Rosewill used screws to secure the Plexiglas to the metal side panel.
Closer look at the outside of the side panel. Rosewill did a good job of finishing the overall look of the side panel. The metal edges are rounded out (no sharp edges) and they used half mooned plastic nuts that help secure the Plexiglas.
With the left side, side panal removed. We get a look at what the internal of this chassis looks like. It uses a standard layout we see with so many other cases. With 1 thing that is different, where do the HDD’s go?
Now, the one thing that caught my eye on this chassis, while looking at the fans they had SilverStone written on them. A fan, is a fan, no matter where it comes from.
Close up view of the front IO connectors.
So that’s where the HDD’s will get mounted. The Conqueror chassis uses 2 HDD cages that can mount 3 HDD per cage. Each HDD cage takes up 3 5.25″ bays.
Blurred out is the bottom HDD cage.
By opening the front door of the Conqueror chassis, we can get access to the front of the 5.25″ bays. There are a total of 9 5.25″ bays and all of these bays use a vented cover.
Removing the front 5.25 bay covers seems to be a fairly simple task. Simply squeeze the 2 tabs on the sides of the 5.25″ bay covers towards each other.
Turned out these covers, did not remove as easy as I have hoped for. I had to grab a Flat bladed screwdriver to help remove the 5.25″ bay covers. Not really a big thing but it was worth mentioning.
The front 5.25″ bay cover removed.
Another feature that is being utilized more and more is, manufacturer’s are placing foam filters on the vented front 5.25″ bay covers.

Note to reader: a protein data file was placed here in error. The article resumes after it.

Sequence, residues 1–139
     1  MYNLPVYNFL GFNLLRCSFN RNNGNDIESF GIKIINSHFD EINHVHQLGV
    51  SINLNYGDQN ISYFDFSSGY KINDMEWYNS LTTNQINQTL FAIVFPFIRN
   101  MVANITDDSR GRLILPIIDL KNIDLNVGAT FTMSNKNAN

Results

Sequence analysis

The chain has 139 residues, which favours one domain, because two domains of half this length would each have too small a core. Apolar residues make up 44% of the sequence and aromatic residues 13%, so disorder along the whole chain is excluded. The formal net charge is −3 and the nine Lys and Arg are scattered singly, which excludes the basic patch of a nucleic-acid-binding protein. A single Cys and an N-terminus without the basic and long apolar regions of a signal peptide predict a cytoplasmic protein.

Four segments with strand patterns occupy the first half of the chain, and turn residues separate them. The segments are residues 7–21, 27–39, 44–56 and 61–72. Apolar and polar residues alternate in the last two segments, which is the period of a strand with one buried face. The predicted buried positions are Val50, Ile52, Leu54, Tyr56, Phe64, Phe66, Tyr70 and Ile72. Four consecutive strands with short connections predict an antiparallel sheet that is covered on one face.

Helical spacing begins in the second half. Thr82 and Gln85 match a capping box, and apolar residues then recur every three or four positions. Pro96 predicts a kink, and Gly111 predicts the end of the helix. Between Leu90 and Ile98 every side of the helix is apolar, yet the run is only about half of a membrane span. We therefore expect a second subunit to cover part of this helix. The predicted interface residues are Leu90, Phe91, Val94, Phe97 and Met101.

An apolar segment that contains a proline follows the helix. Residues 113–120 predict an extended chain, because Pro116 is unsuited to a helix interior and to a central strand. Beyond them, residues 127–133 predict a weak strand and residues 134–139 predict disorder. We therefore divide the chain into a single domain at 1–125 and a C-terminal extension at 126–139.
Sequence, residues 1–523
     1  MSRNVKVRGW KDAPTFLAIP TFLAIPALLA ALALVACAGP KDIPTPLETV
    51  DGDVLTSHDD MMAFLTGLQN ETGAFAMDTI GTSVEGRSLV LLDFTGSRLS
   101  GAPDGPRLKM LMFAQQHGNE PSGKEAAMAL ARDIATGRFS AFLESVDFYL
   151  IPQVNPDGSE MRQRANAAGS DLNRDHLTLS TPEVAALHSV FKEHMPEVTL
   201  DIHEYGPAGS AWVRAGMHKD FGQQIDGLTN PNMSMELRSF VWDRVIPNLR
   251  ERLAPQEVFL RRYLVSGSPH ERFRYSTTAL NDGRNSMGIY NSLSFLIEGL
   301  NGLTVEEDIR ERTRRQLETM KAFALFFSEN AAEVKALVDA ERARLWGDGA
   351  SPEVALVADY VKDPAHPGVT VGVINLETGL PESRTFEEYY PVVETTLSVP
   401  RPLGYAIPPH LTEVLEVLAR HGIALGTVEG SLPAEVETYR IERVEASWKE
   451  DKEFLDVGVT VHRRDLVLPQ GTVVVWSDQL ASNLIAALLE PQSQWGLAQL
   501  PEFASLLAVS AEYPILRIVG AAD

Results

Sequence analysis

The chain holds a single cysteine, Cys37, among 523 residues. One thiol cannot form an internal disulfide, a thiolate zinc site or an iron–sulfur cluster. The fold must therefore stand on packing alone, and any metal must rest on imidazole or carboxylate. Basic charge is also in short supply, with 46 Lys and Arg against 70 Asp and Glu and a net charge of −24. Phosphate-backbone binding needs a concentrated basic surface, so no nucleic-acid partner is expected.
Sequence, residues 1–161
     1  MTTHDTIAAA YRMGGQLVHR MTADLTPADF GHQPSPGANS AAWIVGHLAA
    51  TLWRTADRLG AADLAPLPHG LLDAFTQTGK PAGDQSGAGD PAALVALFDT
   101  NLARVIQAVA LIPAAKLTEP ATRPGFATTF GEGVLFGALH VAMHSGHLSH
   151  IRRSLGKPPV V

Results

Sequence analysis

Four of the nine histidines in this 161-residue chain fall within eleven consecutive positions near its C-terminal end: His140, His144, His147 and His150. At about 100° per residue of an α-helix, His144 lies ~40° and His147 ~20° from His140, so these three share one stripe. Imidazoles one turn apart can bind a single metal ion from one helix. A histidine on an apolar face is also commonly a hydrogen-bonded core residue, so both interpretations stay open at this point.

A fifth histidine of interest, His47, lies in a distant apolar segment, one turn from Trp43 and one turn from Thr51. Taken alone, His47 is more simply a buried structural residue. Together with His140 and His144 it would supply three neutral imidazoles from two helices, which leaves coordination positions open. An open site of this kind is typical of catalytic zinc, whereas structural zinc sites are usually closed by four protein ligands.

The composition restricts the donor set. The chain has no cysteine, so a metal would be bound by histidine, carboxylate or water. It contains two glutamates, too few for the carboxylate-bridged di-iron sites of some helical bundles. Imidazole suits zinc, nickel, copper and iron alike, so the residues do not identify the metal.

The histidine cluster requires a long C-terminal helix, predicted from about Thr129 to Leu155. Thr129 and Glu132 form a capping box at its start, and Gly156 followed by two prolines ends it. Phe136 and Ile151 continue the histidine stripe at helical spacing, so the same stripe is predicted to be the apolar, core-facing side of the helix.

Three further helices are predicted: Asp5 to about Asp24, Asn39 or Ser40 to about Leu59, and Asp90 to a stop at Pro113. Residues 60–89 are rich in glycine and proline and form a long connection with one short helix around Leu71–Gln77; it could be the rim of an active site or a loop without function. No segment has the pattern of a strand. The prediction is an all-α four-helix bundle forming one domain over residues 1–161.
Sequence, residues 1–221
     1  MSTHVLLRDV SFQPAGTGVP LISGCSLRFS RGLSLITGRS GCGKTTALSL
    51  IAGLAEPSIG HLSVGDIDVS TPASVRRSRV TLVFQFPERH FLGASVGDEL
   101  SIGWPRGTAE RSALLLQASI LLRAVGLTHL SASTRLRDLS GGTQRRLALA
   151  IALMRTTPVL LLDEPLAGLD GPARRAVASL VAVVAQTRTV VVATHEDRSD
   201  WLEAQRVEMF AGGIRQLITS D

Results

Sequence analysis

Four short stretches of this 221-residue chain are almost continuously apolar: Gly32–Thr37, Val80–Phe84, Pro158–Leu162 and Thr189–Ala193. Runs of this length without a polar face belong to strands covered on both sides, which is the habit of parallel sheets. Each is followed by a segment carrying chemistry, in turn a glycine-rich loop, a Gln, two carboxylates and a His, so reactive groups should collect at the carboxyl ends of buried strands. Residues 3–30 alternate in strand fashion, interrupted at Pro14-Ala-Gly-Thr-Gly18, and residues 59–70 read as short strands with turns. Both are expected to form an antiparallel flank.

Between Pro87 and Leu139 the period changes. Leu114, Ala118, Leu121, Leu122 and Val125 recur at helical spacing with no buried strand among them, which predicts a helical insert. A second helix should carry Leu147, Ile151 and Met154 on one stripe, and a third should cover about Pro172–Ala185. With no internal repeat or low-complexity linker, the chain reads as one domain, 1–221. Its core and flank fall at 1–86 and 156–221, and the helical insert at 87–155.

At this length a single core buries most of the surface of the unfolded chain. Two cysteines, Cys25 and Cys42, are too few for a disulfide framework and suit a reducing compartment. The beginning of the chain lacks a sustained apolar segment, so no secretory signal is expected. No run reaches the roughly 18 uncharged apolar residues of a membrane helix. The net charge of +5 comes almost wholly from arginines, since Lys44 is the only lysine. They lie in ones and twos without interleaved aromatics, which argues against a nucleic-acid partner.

Yep the HDD cage uses a clear cased, blue LED SilverStone 120 mm fan.
Also the bottom HDD cage uses the same clear cased, blue LED SilverStone 120 mm fan as the top HDD cage.
The HDD installation into the HDD cage. I only had 1 extra HDD that I could use and that HDD was a IDE. OMG, I just said a bad 3 letter word of IDE… ewwwwwww….
The DVD burner installation. I decided to put the DVD burner the third 5.25″ bay down from the top. You will see why in a bit.
The PSU I used, was my 900 UCP from Cooler Master. Man this thing has a ton of cables. Reasoning of my placing the DVD burner down a bit from the top, I need the space to hide the cables. The Conqueror chassis has no problem handling an large PSU.
The tight spacing around the CPU 12 volt power plug is not really the chassis issue. Mainboard manufacturers really need to find a better place for this plug. I ended up having to removing the back 120mm fan to reach that plug, so I can plug the CPU power plug from the PSU. Thankfully Rosewill did not vent the rear 120mm fan, instead they used a fan grill that came out once the fan was removed. What the chassis manufacturer’s can do more of, is include an EPS power extension to help alleviate any problems requarding this power cable.